Hold hands. Grasp the palm of another individual. Stay arms distance apart. Hold your sister’s hand when she crosses the street as a child. Hold it in middle school, when she looks up to you with big eyes, watching you. Hold it again when she graduates from college. Put your hand into your momma’s hand when she’s 50, 70, and 100. Brush her hair, and hold your head up high when she can’t fix her undergarments anymore. Smile and laugh and touch, touch, when you can. Take your grandfather to a nail salon and watch his face change to bewildered relaxation as someone, a stranger from the new century finally finds a way to take care of him, a man who was born in the 1920’s and defines his life as taking care of others without saying a word.

Put your hands out for your colleagues, hug them when they’ve done a good job. Forget protocol. Touch the world around you. Rub the ribbed fingerprints of your skin into dirt, concrete, flowers, food, water, and tile. Pull hard on your hands, feel the leathery rub against a weathered sailor; feel the satiny softness of a painted lady. Feel the world. Stand on your hands if you can. Slow down, and spend time wordless on a porch, rocking back and forth with other souls, and reach out and touch them. And then touch the person you love, gently, with only your hands, Use your hands, because they’re one of the best presents we got when we were blessed with human bodies. Say what you need to say with your hands.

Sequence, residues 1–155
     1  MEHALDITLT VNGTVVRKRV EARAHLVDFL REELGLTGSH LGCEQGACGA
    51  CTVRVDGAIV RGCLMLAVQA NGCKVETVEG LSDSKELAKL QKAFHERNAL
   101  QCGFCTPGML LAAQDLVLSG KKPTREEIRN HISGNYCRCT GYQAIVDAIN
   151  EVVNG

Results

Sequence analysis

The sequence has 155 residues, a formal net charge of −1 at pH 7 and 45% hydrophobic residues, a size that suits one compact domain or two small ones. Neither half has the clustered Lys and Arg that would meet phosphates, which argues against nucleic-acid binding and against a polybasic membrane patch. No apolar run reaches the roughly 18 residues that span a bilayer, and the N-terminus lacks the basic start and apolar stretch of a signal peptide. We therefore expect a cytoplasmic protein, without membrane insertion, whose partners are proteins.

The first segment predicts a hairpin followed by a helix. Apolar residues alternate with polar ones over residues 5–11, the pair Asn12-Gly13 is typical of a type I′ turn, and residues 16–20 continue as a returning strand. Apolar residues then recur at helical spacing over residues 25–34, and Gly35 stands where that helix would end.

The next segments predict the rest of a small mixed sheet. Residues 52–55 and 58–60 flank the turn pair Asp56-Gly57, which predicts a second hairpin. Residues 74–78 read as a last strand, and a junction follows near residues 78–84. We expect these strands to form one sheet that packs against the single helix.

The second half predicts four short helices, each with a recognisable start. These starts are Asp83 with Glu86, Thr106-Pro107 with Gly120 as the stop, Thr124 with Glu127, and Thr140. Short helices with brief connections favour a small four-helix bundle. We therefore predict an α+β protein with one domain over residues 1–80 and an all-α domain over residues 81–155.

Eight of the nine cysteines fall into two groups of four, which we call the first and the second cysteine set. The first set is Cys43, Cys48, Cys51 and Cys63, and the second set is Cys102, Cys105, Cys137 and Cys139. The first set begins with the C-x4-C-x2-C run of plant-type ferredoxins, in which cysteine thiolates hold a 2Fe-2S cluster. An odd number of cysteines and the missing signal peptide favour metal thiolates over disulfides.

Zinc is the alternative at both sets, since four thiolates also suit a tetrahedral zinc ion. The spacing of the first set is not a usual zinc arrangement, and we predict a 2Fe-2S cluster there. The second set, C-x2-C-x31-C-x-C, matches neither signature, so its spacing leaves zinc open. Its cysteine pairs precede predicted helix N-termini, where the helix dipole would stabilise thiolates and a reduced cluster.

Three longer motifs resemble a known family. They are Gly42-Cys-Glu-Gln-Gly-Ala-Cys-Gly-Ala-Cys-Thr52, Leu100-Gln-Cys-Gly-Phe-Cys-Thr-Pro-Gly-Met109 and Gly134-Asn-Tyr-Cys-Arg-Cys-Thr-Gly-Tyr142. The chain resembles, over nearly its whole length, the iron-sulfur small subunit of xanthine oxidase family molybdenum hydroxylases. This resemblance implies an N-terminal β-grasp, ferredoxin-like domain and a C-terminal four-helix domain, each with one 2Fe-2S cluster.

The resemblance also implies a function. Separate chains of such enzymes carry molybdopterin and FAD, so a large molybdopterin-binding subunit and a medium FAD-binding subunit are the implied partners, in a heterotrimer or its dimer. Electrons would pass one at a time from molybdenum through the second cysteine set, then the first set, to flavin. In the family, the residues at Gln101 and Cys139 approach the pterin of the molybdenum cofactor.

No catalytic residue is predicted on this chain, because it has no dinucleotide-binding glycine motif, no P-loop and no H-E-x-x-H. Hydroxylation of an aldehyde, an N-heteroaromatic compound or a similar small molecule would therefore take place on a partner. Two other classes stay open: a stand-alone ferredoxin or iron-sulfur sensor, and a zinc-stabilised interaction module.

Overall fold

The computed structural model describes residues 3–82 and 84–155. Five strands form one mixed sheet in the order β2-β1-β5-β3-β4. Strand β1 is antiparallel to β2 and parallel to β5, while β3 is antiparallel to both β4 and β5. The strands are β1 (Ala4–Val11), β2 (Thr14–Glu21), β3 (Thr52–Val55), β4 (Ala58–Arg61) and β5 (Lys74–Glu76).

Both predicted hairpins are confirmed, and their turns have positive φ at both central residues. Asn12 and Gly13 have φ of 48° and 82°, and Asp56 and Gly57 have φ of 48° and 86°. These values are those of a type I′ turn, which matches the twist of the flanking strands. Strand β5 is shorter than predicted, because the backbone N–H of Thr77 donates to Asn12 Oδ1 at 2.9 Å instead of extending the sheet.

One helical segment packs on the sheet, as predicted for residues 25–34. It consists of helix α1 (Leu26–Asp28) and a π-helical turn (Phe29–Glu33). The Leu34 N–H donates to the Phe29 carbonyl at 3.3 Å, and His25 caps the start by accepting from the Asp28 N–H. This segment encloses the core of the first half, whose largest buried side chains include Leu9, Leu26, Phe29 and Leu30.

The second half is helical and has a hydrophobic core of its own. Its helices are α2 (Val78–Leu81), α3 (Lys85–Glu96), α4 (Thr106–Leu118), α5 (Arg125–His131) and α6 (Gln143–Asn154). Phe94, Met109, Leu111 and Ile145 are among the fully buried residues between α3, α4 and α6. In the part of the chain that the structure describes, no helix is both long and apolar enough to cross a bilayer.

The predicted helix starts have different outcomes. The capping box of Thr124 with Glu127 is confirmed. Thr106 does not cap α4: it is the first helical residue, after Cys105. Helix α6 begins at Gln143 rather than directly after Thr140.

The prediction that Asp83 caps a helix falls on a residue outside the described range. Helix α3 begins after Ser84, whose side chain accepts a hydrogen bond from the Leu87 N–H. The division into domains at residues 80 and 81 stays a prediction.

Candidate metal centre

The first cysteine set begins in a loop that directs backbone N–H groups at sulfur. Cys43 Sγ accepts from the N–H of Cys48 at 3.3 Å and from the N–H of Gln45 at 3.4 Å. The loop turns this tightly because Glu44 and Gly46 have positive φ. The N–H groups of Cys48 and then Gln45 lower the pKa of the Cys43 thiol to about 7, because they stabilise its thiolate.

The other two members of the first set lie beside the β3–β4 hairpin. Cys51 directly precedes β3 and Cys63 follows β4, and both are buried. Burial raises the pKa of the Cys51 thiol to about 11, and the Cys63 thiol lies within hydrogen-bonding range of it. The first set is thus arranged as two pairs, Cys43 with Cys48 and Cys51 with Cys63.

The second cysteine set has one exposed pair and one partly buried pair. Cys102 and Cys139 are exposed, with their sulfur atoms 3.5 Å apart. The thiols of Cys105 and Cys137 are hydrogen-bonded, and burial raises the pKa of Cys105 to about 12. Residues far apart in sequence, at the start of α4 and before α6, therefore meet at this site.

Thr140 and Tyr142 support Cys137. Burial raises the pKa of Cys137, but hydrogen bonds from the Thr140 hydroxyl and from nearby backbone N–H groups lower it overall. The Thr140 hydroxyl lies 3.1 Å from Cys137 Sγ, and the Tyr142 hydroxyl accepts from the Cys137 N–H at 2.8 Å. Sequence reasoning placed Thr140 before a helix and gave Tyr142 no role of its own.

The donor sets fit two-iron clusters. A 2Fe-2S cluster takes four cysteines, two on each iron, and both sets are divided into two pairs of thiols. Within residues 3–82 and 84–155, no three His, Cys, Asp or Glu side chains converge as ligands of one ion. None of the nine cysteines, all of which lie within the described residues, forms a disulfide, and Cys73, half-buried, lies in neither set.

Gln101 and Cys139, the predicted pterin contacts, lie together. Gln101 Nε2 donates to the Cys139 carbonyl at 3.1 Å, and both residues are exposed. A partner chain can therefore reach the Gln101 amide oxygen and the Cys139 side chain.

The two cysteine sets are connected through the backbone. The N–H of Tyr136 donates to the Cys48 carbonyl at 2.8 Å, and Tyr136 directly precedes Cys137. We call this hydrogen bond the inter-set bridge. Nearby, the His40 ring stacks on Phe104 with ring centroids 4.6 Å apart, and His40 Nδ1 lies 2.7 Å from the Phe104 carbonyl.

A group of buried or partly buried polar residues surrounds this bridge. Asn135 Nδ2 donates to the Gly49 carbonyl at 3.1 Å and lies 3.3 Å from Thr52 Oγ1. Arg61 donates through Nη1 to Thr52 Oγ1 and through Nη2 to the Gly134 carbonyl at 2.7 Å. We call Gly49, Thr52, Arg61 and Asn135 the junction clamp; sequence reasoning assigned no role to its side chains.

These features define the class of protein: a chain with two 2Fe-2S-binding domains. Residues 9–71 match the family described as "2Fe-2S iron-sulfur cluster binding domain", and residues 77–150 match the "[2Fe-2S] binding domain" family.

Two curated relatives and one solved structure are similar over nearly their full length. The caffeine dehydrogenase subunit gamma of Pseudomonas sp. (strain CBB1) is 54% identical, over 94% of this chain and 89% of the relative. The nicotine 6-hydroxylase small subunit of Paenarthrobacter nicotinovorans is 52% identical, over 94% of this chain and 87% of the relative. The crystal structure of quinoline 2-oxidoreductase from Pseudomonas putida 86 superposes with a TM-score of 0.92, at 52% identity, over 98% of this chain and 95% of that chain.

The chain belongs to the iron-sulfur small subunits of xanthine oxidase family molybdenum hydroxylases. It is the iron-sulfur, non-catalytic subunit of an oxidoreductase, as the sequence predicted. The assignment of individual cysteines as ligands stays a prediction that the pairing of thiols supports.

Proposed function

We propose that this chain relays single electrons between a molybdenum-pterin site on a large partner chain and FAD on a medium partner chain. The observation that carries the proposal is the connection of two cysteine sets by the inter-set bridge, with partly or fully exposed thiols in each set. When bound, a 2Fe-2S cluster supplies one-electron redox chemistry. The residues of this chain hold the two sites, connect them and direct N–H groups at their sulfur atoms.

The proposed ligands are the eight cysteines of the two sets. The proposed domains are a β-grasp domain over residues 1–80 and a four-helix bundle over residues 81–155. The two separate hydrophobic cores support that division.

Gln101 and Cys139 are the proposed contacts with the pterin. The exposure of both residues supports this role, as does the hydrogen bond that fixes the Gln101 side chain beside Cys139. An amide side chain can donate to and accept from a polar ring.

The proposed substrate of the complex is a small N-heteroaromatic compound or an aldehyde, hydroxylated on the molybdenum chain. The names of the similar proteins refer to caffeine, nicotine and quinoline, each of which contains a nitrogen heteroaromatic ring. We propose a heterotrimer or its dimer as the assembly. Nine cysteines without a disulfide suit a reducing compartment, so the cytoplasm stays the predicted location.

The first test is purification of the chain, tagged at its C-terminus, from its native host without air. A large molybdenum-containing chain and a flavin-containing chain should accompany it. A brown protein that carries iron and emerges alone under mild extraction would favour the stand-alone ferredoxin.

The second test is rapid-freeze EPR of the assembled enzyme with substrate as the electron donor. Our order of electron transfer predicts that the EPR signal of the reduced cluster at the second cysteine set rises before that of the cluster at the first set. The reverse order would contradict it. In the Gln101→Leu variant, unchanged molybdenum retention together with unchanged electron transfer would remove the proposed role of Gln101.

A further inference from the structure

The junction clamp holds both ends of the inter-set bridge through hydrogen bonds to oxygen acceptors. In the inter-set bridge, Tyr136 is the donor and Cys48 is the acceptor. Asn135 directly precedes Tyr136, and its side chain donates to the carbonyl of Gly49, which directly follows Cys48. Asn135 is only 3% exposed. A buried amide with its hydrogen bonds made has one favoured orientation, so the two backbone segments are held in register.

Wash someone’s feet. This is a biblical reference, and I did it for the first time when I was in Bible Study in high school. I did it again in a yoga retreat, and again for a friend who was having an impossibly difficult year. Put yourself and your body below another person, and do them the highest honor: clean the ground upon which they work. Restore their foundation. Love.

Be helpless. It’s okay. You’re allowed. You have permission to not know what you’re doing. I feel like I’m perpetually in tension between part of me that knows what I’m doing and the other part of me that has no clue what I’m doing. I’m less and less convinced I’ll ever have the answers. Perhaps it always is an “in-between” state. Perhaps I’ll never know. I don’t know.